Convened by: Denise Ryner
Participants: Hilda Fernandez
Jouissance, understood as a sort of pleasurable pain, expressing an excessive tension of psychical nature, coded in the body, consumptive, and inaccessible to the symbolic order, is a universal characteristic of the human subject as bestowed by psychoanalysis. Based on the premise that jouissance and the body share interrelated yet separate spaces, as the latter is always displaced in an imagined other, in this talk I approach the virtual enjoyment dominating our current times to inquire the interrelation between the body, the unconscious labour and jouissance.
I will engage with Alfie Bown’s report on videogames The Playstation Dreamworld (2017), Jon Raffman’s recent work Dream Journal (2017) and some examples from HBO TV Series Western World (2016) and Netflix’s Black Mirror (2011-2017) to read the unconscious labour, firstly, as an investment in the virtual space, via our dreams, fantasies and even symptoms (techno-addiction). And secondly, this same unconscious labour it is the subject’s jouissance-ingrained production, and as such, it involves an undecidable and paradoxical loss and a gain (surplus jouissance), which I aim to locate it with regards to the body (individual and social).
With the concept of surplus enjoyment, which Lacan assumes to be parallel to surplus value, I argue that the enjoyment of the subject, via its disembodiment in the virtual space, has resulted in a larger social disembodiment which Tomsic explains as a “self fetishisation” of capitalism. I try to articulate it as a radical shift in subjectivity, where the temporal spatial conditions of embodiment are ever more reliant on mediation and where the lack is unbearable, unless the proliferating world of virtual images mediates it.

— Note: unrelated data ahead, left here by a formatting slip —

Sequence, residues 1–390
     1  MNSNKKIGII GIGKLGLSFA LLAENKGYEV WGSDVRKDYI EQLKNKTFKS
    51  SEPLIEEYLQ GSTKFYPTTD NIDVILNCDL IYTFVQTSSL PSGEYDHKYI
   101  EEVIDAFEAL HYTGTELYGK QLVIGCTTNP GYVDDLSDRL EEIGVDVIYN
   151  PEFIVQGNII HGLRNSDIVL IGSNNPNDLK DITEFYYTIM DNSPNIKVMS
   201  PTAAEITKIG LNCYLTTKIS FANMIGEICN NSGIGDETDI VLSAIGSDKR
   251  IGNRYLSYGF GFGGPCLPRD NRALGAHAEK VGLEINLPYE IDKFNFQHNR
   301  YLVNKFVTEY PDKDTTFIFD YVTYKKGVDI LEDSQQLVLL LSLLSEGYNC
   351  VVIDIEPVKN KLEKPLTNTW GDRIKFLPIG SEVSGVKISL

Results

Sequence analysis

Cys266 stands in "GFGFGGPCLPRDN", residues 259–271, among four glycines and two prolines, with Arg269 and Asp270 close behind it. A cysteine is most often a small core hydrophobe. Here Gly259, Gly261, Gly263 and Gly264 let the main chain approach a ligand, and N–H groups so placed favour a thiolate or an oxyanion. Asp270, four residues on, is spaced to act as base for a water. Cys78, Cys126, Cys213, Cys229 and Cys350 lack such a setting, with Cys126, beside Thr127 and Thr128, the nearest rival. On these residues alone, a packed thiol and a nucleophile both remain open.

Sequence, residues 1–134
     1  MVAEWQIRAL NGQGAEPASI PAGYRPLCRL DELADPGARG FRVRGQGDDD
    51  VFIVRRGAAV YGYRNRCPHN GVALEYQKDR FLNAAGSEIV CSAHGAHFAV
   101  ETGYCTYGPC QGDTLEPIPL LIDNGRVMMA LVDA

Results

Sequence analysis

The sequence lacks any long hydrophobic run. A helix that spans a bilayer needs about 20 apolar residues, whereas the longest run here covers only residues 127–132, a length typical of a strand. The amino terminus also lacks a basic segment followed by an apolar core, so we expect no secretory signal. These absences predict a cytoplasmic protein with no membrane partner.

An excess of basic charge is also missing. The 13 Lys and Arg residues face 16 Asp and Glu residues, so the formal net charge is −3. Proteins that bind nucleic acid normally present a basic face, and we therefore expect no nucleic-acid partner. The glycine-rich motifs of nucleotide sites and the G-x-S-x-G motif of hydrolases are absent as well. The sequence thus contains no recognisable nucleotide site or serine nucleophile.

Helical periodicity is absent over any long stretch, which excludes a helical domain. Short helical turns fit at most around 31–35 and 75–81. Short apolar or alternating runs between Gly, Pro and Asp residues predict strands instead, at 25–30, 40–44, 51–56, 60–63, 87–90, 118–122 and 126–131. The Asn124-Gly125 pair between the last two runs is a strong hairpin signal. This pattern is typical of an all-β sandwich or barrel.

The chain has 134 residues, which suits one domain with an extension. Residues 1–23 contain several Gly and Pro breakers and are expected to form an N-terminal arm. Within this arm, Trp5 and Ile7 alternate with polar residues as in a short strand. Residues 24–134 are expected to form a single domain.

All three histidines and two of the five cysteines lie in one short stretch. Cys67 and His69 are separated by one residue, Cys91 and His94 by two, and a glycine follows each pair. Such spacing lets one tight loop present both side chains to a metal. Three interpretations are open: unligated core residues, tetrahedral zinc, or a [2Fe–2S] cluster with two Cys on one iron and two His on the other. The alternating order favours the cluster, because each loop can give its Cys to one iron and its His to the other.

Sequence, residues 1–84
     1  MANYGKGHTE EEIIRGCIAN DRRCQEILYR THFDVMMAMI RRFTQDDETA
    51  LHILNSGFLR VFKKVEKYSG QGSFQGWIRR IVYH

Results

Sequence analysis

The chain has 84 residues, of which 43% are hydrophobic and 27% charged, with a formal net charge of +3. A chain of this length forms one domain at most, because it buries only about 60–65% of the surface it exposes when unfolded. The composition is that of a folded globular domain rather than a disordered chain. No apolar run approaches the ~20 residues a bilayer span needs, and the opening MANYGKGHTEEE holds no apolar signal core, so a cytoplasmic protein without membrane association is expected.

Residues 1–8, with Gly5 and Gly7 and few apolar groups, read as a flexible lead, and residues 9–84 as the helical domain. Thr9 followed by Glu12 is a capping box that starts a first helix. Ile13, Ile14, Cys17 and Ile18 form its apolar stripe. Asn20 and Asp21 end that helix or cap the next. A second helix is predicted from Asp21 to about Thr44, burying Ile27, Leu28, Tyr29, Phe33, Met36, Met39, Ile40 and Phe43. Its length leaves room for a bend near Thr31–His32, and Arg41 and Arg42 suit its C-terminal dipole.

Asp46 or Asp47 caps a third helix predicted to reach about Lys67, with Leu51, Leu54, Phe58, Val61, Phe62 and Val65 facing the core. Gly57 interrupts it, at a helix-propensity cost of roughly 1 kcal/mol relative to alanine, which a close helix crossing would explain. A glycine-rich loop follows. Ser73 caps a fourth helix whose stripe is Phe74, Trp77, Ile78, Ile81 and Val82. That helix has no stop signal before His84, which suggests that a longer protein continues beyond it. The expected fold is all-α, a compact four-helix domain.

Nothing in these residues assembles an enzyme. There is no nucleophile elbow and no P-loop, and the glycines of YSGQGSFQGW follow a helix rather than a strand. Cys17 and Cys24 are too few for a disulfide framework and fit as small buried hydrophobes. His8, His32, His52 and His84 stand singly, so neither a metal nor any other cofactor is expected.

At the dawn of artificial intelligence and the consolidation of virtual spaces, what relation can be thought between our bodies, the unconscious labour power and our enjoyment? Will our enjoying bodies, the last frontier of our imaginary property, turn out to be stolen goods by a cyborg in servitude of wealth accumulation of big data corporations who have algorithmically manufactured our desires?
Spring 2018 Semester: The Body, Movement, Technology, Apparatus
Movement, gesture, protocol, and choreography of specific bodies are continuous in language, politics, technology and other structures that signify and organize material. This semester of the Vancouver Institute of Social Research seeks to discuss ways in which the body and systems co-articulate each other and the inertias of power that attempt to frame them and the disruptions to various sovereignties that emerge. These discussions will take place also as a way to gesture towards the morphing forms of capture that are developing within the everyday hand-to-hand combat with apparatuses.